Newgrange

My husband and I toured Ireland last year. One impressive site we visited was the ancient passage tomb of Newgrange in the Boyne River Valley.*

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Newgrange is a 5,200 year old passage tomb located in the Boyne Valley of Ireland

Newgrange was built by Stone Age farmers. The mound is 85 meters (93 yards) in diameter and 13.5 meters (15 yards) high, an area of about 1 acre.

A passage measuring 19 meters (21 yards) leads into a chamber with 3 alcoves. The passage and chamber are aligned with the rising sun at the Winter Solstice.

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Newgrange is surrounded by 97 large stones called kerbstones some of which are engraved with megalithic art; the most striking is the entrance stone.

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Newgrange is a Stone Age (Neolithic) monument in the Boyne Valley, County Meath, it is the jewel in the crown of Ireland’s Ancient East. Newgrange was constructed about 5,200 years ago (3,200 B.C.) which makes it older than Stonehenge and the Great Pyramids of Giza. Newgrange is a large circular mound 85 meters (93 yards) in diameter and 13.5 meters (15 yards) high with a 19 meter (21 yard) stone passageway and chambers inside. The mound is ringed by 97 large kerbstones, some of which are engraved with symbols called megalithic art.

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Newgrange was built by a farming community that prospered on the rich lands of the Boyne Valley. Knowth and Dowthare similar mounds that together with Newgrange have been designated a World Heritage Site by UNESCO.

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Archaeologists classified Newgrange as a passage tomb, however Newgrange is now recognized to be much more than a passage tomb. Ancient Temple is a more fitting classification, a place of astrological, spiritual, religious and ceremonial importance, much as present day cathedrals are places of prestige and worship where dignitaries may be laid to rest.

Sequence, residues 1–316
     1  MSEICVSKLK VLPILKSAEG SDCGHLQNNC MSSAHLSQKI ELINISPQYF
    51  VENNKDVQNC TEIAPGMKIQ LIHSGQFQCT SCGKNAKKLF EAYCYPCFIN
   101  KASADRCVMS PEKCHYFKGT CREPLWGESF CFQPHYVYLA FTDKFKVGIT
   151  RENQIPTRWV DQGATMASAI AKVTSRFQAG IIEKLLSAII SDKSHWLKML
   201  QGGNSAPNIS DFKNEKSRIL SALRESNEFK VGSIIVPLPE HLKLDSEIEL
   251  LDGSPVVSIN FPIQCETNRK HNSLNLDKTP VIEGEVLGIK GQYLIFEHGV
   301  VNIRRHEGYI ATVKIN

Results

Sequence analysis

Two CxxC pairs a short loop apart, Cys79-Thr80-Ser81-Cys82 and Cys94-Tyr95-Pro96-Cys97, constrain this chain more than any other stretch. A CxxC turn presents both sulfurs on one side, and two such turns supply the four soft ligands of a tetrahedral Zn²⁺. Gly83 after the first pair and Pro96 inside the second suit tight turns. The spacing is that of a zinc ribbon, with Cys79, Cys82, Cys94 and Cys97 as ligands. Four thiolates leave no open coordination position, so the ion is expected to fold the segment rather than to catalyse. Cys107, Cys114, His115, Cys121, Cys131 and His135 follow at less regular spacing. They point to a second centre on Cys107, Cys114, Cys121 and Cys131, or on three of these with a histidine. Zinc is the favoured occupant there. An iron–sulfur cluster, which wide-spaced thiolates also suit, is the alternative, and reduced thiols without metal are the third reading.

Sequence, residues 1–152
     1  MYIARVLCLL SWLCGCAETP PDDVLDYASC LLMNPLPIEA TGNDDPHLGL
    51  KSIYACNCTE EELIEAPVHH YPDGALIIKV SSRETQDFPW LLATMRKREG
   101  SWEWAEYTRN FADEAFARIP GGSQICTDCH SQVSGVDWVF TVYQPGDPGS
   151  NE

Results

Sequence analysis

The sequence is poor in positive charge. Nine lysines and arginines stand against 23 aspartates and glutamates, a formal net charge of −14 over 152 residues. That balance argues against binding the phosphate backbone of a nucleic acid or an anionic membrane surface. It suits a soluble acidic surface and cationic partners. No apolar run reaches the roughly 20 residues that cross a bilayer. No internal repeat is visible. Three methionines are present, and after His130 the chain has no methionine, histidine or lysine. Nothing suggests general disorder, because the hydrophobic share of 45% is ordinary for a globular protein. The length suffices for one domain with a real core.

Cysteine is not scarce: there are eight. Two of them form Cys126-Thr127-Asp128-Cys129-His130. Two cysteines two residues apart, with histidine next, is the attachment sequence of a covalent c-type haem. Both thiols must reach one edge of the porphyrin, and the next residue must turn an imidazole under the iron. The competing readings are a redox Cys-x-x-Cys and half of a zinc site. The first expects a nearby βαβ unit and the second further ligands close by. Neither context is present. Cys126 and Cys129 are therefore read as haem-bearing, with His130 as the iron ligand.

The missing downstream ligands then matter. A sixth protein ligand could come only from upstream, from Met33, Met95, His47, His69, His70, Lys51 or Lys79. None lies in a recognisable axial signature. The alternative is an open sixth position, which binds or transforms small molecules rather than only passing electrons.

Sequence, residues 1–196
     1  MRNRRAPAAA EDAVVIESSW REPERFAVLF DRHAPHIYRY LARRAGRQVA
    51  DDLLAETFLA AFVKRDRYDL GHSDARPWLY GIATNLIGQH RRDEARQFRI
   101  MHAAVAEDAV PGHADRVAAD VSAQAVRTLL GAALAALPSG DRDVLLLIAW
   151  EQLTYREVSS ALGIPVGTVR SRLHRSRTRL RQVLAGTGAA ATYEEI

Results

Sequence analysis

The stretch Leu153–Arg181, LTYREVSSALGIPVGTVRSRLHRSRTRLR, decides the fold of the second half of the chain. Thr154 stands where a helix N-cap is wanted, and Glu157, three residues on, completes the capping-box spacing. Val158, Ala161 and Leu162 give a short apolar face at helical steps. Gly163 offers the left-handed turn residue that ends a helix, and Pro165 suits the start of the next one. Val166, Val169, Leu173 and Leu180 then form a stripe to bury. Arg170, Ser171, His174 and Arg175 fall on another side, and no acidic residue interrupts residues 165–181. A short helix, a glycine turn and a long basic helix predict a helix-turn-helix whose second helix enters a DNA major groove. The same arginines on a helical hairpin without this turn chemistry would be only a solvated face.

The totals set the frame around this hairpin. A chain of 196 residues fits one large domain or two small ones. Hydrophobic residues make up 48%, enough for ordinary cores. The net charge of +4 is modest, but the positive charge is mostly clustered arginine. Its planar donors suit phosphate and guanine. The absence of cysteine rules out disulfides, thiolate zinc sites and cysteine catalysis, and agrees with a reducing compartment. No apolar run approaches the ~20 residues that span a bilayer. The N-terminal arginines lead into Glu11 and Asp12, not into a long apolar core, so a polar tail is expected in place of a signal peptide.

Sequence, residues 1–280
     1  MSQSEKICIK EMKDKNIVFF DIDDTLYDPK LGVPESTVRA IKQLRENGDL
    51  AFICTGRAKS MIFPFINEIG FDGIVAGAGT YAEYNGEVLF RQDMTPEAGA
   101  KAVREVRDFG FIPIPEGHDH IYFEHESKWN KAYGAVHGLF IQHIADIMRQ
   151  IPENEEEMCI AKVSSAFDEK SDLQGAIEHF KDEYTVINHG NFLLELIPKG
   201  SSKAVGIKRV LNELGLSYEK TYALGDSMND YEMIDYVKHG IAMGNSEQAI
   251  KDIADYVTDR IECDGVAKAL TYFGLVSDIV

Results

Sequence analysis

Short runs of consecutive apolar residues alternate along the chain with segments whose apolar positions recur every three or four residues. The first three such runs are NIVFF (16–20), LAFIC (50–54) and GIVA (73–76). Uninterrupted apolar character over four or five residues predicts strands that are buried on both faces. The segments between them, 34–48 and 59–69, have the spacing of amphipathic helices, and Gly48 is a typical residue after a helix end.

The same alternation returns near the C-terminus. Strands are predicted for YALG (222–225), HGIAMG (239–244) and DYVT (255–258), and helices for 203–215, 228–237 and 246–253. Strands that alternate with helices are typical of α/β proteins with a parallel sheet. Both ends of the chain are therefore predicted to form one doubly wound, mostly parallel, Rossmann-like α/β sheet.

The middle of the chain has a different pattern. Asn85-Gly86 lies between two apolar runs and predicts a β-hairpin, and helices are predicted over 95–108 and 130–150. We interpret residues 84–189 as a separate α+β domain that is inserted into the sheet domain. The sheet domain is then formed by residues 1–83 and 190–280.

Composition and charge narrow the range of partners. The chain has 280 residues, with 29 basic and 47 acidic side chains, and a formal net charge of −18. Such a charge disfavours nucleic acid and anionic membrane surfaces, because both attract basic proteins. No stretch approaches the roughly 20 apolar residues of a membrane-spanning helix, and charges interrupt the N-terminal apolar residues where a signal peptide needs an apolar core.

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Newgrange is a large kidney shaped mound covering an area of over one acre, retained at the base by 97 kerbstones, some of which are richly decorated with megalithic art. The 19 meter long inner passage leads to a cruciform chamber with a corbelled roof. The amount of time and labor invested in construction of Newgrange suggests a well-organized society with specialised groups responsible for different aspects of construction.

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Newgrange is part of a complex of monuments built along a bend of the River Boyne known collectively as Brú na Bóinne. The other two principal monuments are Knowth (the largest) and Dowth, but throughout the area there are as many as 35 smaller mounds.

YouTube

https://www.youtube.com/watch?v=P6XAFJ_FdOA

*The information in this article was taken from www.newgrange.com. The photographs were taken by Brenda B. Taylor.

About Brenda B. Taylor

I write sweet historical romances, connecting readers of today with events in history, and telling stories about the extraordinary lives of ordinary people. I most enjoy writing stories set in post-Civil War Missouri, and medieval Scotland.
This entry was posted in Historical, historical heartbeats, International, Ireland, Newgrange and tagged , , , , , , . Bookmark the permalink.

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